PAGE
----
Did the accompanying person consider how to establish contact and including physical contact?
Is the accompanying person well informed about any strain the client might be under and/or any illness?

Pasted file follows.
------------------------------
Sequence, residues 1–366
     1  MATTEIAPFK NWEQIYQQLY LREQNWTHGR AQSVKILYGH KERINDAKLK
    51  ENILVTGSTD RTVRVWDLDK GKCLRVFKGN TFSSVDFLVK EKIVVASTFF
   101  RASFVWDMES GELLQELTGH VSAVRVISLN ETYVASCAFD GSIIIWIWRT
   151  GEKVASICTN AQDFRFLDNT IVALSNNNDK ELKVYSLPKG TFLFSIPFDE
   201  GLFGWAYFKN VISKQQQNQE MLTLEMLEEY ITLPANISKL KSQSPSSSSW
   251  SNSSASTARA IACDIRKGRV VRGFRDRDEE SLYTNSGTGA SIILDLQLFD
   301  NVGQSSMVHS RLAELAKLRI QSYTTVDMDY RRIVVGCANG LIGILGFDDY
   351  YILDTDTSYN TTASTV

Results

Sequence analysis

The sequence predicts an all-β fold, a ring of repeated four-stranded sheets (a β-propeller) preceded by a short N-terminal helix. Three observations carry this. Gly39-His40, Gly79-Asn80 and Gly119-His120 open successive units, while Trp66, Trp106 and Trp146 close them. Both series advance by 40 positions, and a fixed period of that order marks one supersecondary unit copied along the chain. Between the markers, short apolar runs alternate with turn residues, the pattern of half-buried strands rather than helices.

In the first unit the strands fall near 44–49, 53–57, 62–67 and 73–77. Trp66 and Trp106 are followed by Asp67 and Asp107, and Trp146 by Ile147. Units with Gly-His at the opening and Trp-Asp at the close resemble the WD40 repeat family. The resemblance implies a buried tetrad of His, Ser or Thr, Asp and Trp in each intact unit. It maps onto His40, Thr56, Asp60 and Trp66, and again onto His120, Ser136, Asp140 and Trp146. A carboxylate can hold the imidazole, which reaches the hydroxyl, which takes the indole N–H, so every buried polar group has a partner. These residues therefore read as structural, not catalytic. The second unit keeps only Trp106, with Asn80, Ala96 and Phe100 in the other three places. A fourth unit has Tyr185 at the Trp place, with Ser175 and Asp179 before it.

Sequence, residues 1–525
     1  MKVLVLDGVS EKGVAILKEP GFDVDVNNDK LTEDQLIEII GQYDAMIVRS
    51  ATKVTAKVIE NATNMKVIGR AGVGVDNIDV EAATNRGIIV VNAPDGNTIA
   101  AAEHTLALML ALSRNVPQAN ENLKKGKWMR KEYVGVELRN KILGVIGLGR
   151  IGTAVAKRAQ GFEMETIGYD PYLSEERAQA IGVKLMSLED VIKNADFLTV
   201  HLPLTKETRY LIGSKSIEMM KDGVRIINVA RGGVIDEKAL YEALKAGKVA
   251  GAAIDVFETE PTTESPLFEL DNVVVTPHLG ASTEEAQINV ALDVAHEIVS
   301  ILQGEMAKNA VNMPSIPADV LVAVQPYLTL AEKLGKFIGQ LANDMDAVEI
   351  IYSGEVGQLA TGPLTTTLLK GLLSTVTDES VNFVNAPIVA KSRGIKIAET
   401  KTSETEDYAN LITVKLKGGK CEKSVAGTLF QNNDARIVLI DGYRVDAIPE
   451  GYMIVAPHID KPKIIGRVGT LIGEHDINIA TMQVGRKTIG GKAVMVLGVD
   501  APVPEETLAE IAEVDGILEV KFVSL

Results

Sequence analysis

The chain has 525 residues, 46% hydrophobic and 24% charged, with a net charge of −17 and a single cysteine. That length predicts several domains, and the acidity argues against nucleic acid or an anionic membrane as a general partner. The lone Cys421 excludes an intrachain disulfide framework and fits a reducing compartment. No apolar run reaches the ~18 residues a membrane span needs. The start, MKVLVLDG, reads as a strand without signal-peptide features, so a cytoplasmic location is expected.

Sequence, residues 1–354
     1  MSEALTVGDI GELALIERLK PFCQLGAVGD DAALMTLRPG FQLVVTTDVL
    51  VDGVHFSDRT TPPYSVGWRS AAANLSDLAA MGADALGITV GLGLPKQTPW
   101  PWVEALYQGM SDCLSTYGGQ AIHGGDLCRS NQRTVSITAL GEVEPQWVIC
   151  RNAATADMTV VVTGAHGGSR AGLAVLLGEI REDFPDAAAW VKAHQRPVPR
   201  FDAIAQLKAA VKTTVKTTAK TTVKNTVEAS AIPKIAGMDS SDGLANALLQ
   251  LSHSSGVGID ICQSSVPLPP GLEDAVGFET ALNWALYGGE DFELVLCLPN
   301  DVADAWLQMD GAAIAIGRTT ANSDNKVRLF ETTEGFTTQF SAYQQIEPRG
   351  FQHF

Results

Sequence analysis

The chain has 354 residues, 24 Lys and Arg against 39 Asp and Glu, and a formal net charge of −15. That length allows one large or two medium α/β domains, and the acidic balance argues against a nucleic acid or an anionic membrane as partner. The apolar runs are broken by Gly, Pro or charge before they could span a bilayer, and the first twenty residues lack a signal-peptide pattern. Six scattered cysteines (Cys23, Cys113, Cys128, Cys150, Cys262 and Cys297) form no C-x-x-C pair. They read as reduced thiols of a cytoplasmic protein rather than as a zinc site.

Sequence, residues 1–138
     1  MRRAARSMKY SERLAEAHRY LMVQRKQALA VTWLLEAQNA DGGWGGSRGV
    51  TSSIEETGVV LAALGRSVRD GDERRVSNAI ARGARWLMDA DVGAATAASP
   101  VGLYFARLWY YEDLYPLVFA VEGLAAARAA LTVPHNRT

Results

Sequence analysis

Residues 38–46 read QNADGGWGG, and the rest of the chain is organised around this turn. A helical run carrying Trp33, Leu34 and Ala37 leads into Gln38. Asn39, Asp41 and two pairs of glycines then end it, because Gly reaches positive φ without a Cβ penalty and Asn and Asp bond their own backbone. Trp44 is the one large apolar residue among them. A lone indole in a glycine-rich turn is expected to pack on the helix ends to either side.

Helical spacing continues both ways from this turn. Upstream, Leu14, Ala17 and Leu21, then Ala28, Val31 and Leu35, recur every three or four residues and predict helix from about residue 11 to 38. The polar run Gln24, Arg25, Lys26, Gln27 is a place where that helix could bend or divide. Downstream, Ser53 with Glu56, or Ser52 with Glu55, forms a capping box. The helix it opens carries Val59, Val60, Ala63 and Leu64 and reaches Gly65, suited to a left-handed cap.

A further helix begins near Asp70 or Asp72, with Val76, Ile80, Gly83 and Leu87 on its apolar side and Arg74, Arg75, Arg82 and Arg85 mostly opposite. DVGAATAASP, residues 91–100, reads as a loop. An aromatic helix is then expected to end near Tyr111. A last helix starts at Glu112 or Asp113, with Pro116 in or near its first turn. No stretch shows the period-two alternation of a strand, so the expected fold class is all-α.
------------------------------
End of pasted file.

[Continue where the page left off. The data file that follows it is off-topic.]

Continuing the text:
There is an aura in the Snoezelen that emanates tranquillity, a sense of safety and security. In the room a person becomes aware of his or her own feelings and moods which the accompanying person can pick up on and respond to. The accompanying person needs to emanate calm and be open to what the client 'communicates'. The special atmosphere of the room does not just support the process of personal reflection but, as it also serves as an environment to enhance learning and development, it demands the exchange between the client/patient and Snoezelen expert/relative. It is disappointing to observe that even nowadays these preliminary considerations essential for the work in the Snoezelen room are often ignored. Snoezelen rooms are often overloaded with electronic devices and it seems that all equipment needs to be used at once. Another problem we face in Germany is that Snoezelen is linked to MSE (Multi-Sensory-Environment). However, the environment - the Snoezelen room- cannot be 'multisensory' but needs to be a controlled environment. It is more of a CSE (Controlled-Sensory-Environment). The Snoezelen expert (accompanying person) needs to adjust the light effects, sounds and music, the scents and the positioning of the client in advance. This is particularly important for clients whose actions are restricted, for example for clients with brain damage or brain injuries. All three factors: Information about the client and his/her current state, the didactic-methodical considerations of the Snoezelen expert and the preparation of the room form a unit in the so-called "Didactic triangle" and relate to each other. Adjusting the room to the state and the needs of the client and the qualification of the accompanying person (i.e. empathy, compassion and specialised knowledge) impact on the success of the intervention, they are interdependent. Because of the different user groups the accompanying persons / Snoezelen experts generally come from various professional fields - particularly from ergo- and physiotherapy, care sector, music therapy, psychology, medicine and similar fields. Often relatives and friends of a patient might train to become a Snoezelen attendant.